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IFTN chats to Niall Owens, the Director of IFTA-nominated Short Film ‘Animal’ #IFTA17
20 Mar 2017 : Katie McNeice
A newspaper article on modern-day slavery inspired the plot of the ambitious ‘Animal’, one of six projects nominated in the Irish Academy’s Best Short Film category.

The 2017 Film & Drama Awards take place at the Mansion House, Dublin on Saturday April 8th and have thus far earned international attention for the standards showcased in this year’s nominated Irish film and drama talent.

Owens’ project is produced by Pic Du Jer Productions and follows a slave who leads his rescuer back to the camp where he was imprisoned. He talks us through the modern-day influence of the project, his hugely supportive team and his upcoming creations.   

IFTN: For readers who haven’t heard of the project please give us an overview of ‘Animal’,  your key cast members and where the concept came from.
‘Animal’ is based on a newspaper article I read in early 2016 about modern day slavery.  The article along with a song I was listening to at the time called 'Dirty Paws' kind of fueled the idea behind ‘Animal’.

Once the idea had fully formed I knew there was only one person I wanted for the lead role and that was my friend and fellow producer Ian de Bri.  I couldn't picture anyone else playing Animal. I knew Ian could handle the role; he had all the depth within himself to be able to go to the places necessary to portray the pain and fear Animal feels.  Once Ian said yes I went about casting the other roles.

My good friend and talented actor Timmy Creed agreed to sign on which really gave me confidence. Timmy is a great friend and a superb actor. I have had the pleasure of directing him on several other occasions.  The next key role was that of Driver—I had my heart set on Tom Sullivan and that's what I got. He is a superb actor who also has a marvelous insight as a director. Having someone like Tom on set is gold, as he asks the hard questions and helps push a scene in the right direction.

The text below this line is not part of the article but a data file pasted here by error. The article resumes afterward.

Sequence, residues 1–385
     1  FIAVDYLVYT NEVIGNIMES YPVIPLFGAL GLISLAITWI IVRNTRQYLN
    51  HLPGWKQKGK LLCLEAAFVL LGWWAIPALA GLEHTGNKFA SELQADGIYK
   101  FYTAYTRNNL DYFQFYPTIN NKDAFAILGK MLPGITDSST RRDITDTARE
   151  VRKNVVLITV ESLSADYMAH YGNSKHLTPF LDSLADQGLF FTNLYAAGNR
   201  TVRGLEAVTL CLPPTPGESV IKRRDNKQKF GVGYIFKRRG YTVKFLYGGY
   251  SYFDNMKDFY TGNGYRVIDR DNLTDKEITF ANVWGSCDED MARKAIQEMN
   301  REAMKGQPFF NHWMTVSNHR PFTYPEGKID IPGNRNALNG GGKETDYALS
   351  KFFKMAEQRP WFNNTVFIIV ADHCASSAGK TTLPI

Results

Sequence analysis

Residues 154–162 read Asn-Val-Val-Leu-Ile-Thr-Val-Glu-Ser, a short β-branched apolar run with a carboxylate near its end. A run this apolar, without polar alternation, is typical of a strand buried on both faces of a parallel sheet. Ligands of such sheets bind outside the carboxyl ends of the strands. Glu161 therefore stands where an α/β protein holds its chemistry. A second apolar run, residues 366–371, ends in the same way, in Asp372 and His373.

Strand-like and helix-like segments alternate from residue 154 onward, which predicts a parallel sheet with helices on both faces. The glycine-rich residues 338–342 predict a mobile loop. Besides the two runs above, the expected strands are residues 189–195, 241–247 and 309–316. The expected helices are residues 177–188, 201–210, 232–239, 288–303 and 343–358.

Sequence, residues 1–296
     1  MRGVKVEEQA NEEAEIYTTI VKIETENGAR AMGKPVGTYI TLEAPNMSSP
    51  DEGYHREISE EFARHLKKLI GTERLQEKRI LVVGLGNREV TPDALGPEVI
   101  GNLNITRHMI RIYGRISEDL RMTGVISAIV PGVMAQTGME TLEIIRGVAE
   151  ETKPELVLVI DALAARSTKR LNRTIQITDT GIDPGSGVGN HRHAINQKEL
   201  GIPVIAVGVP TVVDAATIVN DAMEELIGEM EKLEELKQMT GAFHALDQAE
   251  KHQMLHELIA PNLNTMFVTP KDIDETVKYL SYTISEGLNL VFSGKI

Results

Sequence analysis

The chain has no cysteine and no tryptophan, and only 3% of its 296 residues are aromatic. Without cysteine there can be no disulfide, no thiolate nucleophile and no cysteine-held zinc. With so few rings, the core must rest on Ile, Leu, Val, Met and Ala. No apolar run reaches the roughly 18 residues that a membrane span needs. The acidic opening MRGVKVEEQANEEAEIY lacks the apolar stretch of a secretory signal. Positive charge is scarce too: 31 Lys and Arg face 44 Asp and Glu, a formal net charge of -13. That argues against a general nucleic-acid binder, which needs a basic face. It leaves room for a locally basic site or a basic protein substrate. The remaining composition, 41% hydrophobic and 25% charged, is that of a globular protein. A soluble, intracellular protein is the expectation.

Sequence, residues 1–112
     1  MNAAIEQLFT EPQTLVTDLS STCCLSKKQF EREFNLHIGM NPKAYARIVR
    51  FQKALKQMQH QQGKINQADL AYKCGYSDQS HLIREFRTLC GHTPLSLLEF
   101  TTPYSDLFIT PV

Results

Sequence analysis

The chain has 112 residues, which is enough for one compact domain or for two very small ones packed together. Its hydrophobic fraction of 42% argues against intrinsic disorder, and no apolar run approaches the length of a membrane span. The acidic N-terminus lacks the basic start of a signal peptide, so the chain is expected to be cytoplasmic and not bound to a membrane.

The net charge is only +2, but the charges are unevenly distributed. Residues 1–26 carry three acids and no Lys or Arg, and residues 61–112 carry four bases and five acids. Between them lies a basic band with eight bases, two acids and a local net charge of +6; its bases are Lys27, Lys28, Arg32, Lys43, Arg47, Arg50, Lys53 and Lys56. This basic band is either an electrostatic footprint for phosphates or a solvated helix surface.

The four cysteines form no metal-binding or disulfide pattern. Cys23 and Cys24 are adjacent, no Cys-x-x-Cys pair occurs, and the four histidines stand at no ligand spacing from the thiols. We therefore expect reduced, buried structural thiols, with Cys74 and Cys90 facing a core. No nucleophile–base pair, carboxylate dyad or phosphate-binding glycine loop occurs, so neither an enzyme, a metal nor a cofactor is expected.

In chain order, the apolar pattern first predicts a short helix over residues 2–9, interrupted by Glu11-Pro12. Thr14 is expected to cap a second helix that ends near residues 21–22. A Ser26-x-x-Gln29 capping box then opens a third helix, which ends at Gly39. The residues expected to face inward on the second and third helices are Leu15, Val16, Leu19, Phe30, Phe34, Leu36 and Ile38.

For the role of the Woman I approached Eadaoin O'Donoghue, an actor from Cork, who I have admired for a long time. So much of the story hinged on Eadaoin and Ian's interactions, and as Eadaoin is a powerful stage actor and I knew she could bring what I needed to the role.

One of the key characters in ‘Animal’ was the antagonist Redcap.  Redcap is only in a few scenes but they are extremely significant scenes.  I needed an actor who could handle the physical requirements of the role while also embodying the ruthless inhumane aspects of the captors.  Kevin Barry was my go-to for this role, as he is an actor of tremendous ability.  There is a key scene in the film where Redcap humiliates Animal,  and this scene could have been terrible if handled incorrectly,  but I knew I could trust Kevin and Ian to create what I needed, which they did.  The first rehearsal of the scene left everyone in shock; it was a thing of terrible beauty.  

Ronan Conway came onboard at the last minute to play Scar, our second captor. Ronan brought an intimidating physical presence to his role which rounded out the Captors perfectly.  Olivia Romao was the last key actor to sign on and played the role of Beautiful. Finding Olivia was the spark the project needed as she brought a strength and depth to her character that was something special to watch on set.

IFTN: What were the key stages in getting ‘Animal’ from script to screen? Also on the script, how difficult was it to work with the trilogy of timelines as regards rehearsals, shooting and editing?
I wrote ‘Animal’ first as a short story as there was no dialogue, so utilizing a short story approach allowed me to get a clearer feel for the world and the story. It also allowed for potential cast and crew to be able to get into the flow of the story without the sometimes distracting structure of a script.